This is a good opportunity to become familiar with the common communication concept known as "subtext". Most everyone understands that what people say and what they mean are two different things, but all too often become too enmeshed in the superficial context of the argument to explore anything deeper.
An example, the cliche:
A: How do I look in this outfit?
B: You look fine.
A: What do you mean by that?
Comedians love this kind of material because it exposes how communication often leads to misunderstanding. Person A isn't just asking how something looks on them, they're looking for reassurance that they are still attractive to Person B.
Wouldn't it have been nicer if instead the conversation went something like:
A: Do you think I look good in this outfit?
B: Baby, I think you look great in that outfit.
People are people, though, and only infrequently say what they mean. Sometimes it takes a skilled therapist days or weeks or even months to coax the truth out.
In a similar way, until you figure out the subtext of your girlfriend's "silly" question, it's going to be difficult to give her a satisfactory answer. A simple way to get the ball rolling in this direction is to ask:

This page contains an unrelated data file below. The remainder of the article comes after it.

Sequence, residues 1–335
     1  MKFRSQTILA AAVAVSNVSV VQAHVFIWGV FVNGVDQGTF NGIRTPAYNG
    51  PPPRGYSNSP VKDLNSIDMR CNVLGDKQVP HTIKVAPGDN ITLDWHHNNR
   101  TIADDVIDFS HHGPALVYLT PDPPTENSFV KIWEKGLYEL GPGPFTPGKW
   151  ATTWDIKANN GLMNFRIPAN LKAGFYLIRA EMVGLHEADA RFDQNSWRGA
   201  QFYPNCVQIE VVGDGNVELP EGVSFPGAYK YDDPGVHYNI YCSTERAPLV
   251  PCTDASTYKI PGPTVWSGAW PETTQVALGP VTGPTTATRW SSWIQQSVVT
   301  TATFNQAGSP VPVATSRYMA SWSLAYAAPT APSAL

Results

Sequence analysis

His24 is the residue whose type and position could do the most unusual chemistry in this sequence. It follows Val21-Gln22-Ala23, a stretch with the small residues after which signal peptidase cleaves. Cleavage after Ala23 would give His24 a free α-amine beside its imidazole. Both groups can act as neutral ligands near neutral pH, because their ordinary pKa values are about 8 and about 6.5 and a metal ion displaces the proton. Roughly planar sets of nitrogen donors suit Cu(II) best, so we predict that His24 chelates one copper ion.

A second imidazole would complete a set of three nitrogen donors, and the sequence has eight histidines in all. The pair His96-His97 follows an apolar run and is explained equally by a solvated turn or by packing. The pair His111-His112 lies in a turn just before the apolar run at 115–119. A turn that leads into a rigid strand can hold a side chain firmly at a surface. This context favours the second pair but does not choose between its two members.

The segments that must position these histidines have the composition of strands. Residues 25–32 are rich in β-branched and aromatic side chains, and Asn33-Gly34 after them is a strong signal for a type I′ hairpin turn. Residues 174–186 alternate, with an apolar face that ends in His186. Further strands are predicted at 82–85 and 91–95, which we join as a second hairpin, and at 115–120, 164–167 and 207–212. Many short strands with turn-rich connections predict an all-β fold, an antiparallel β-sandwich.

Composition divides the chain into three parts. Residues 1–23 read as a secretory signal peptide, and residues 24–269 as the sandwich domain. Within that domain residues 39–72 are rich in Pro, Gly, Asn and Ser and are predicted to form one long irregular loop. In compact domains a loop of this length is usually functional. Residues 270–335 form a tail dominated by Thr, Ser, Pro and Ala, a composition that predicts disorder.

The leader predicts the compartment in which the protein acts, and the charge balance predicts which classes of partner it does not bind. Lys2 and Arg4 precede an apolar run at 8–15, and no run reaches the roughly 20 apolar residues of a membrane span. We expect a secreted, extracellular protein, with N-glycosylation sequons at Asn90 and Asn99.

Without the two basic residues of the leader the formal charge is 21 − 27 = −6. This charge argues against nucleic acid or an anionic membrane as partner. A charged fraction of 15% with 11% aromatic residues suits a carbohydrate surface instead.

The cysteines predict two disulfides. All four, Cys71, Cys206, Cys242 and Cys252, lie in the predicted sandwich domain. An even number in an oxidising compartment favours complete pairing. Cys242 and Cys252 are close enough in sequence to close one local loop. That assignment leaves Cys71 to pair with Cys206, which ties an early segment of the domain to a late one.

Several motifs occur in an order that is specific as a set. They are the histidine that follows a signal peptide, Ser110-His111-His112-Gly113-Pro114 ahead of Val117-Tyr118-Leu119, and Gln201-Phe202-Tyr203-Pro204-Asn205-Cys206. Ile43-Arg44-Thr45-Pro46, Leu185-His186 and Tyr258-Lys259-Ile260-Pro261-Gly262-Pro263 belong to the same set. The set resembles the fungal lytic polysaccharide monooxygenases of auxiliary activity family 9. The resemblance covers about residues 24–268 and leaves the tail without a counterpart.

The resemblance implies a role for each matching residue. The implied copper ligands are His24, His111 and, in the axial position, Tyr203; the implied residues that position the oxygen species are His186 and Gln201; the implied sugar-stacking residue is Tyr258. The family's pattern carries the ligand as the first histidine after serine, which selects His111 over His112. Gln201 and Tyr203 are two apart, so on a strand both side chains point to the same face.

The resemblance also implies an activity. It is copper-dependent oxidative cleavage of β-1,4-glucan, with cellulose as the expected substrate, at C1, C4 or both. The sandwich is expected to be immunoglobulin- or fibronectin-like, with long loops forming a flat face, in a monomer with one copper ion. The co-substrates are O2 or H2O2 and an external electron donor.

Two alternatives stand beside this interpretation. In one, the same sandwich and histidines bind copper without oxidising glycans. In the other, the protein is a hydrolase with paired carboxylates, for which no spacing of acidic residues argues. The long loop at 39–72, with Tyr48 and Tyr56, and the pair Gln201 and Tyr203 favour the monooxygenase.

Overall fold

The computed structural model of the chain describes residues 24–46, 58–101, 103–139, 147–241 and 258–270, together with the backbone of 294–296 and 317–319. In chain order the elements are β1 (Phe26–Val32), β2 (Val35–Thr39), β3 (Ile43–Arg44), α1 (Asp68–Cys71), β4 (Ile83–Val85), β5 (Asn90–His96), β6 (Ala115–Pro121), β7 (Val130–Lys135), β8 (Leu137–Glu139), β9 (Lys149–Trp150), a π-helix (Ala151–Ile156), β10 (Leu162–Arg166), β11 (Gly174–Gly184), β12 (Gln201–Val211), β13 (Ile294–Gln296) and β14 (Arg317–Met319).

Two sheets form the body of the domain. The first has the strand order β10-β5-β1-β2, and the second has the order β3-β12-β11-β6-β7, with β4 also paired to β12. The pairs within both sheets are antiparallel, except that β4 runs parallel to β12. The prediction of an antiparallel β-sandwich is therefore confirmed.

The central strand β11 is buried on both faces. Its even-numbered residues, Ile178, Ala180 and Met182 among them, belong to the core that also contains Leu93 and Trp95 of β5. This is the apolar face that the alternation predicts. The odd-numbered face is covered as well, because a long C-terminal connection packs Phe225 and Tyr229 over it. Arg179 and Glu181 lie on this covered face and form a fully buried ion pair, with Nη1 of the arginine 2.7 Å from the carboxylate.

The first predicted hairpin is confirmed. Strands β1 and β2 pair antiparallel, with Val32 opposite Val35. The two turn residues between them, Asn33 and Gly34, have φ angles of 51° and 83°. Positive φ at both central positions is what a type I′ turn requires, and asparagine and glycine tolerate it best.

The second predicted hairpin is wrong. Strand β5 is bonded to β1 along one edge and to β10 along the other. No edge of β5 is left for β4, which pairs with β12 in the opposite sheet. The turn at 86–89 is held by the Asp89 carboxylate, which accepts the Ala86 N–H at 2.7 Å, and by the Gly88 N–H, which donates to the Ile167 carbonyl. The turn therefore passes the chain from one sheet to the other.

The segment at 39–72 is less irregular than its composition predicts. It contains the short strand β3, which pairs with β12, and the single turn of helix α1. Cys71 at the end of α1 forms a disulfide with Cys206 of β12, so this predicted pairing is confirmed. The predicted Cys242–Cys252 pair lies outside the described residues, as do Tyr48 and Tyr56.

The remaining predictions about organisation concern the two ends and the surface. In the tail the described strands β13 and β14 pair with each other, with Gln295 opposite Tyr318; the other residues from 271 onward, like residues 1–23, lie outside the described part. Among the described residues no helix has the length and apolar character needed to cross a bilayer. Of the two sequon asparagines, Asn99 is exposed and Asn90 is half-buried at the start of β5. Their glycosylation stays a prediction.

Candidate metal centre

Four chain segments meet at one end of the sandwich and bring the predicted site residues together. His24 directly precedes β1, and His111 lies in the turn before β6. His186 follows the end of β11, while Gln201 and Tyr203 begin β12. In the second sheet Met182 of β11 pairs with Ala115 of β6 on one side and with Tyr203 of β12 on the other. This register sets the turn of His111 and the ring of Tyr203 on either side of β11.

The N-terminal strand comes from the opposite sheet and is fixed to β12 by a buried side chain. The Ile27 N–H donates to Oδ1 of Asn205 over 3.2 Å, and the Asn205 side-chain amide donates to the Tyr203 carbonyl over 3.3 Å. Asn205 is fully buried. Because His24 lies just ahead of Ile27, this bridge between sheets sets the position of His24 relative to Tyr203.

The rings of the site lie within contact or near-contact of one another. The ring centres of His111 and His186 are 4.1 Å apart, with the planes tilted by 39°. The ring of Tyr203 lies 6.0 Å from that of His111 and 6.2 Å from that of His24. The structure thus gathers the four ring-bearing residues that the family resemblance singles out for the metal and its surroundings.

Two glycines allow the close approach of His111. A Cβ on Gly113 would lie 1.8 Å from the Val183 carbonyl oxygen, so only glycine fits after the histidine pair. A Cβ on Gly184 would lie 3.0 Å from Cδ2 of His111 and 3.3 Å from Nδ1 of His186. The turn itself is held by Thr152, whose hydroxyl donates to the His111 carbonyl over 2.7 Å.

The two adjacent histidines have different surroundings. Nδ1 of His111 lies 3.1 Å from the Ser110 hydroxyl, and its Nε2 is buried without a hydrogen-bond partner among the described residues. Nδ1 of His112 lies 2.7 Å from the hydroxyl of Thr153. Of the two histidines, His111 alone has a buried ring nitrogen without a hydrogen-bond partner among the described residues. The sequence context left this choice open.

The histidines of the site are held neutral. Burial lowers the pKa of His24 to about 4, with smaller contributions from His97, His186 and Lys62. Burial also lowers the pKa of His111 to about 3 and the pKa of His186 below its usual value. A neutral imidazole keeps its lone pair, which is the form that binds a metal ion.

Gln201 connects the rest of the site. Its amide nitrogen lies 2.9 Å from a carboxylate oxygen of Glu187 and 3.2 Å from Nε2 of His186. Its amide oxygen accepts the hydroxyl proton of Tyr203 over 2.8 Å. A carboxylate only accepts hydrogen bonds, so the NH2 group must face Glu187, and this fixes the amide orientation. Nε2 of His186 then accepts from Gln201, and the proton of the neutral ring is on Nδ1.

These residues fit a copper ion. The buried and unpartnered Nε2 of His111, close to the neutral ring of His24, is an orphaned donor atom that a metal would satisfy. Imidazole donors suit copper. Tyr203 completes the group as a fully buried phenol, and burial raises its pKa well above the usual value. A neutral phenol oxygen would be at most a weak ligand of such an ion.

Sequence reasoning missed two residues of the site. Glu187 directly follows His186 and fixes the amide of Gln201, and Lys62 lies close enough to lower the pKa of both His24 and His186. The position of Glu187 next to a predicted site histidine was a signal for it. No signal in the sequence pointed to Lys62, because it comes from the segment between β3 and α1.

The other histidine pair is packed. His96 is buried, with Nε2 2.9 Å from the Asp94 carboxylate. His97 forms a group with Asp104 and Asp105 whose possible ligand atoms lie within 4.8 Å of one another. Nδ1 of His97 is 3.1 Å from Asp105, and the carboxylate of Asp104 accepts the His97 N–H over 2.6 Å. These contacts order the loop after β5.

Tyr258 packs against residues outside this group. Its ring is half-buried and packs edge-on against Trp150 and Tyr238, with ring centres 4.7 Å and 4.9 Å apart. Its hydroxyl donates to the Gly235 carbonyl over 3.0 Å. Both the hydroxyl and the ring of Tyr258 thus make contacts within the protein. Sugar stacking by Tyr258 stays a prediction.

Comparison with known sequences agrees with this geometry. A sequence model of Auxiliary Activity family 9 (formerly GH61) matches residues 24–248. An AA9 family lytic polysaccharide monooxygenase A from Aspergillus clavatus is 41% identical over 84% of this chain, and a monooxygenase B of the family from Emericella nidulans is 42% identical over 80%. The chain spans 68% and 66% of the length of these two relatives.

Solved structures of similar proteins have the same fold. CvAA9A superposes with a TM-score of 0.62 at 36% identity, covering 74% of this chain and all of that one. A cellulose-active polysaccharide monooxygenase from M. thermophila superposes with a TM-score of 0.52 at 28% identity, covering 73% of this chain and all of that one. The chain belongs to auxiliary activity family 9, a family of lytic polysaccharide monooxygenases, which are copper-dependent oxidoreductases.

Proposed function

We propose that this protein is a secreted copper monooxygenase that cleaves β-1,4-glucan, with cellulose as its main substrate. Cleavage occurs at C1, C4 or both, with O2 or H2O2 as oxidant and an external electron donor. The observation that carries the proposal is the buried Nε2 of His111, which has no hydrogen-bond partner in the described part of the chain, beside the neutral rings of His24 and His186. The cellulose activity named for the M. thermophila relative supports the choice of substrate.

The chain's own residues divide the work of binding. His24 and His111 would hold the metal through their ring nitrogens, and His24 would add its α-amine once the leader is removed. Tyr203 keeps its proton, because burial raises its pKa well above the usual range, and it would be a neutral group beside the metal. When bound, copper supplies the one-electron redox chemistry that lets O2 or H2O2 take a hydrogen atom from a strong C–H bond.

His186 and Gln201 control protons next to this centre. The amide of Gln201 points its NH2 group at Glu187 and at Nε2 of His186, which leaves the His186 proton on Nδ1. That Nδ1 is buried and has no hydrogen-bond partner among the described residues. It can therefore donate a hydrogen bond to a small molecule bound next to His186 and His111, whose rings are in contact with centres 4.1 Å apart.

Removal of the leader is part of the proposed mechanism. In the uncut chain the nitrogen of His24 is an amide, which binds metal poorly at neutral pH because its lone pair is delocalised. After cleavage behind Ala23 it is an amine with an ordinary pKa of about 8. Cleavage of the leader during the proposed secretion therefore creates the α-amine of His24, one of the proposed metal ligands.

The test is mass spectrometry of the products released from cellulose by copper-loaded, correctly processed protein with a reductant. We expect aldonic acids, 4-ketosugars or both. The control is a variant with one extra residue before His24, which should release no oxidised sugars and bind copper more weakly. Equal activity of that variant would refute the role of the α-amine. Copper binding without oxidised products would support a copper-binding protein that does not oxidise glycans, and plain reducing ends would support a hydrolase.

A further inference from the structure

Why? What are you afraid is going to happen?
There are any number of responses she could give, but suppose she replies something along the lines of:
I just don't want you to forget about me, that's all.
I don't know about you, but I would feel comfortable replying:
I promise I'll never forget about you. Ever.
This can be completely honest. I remember every one of my girlfriends, all the way back to my first kiss. Hopefully it's the reassurance your girlfriend is looking for.
To get back to your original question: There's really no way to avoid silly hypotheticals, at least without becoming a hermit and avoiding other people entirely. Start to pay attention to your own conversation to see how often you say things with some kind of loaded subtext -- you probably do it far more often than you think.
Better to learn to read subtext, and to ask the kind of leading questions that allow you to get to the heart of what others really want or fear.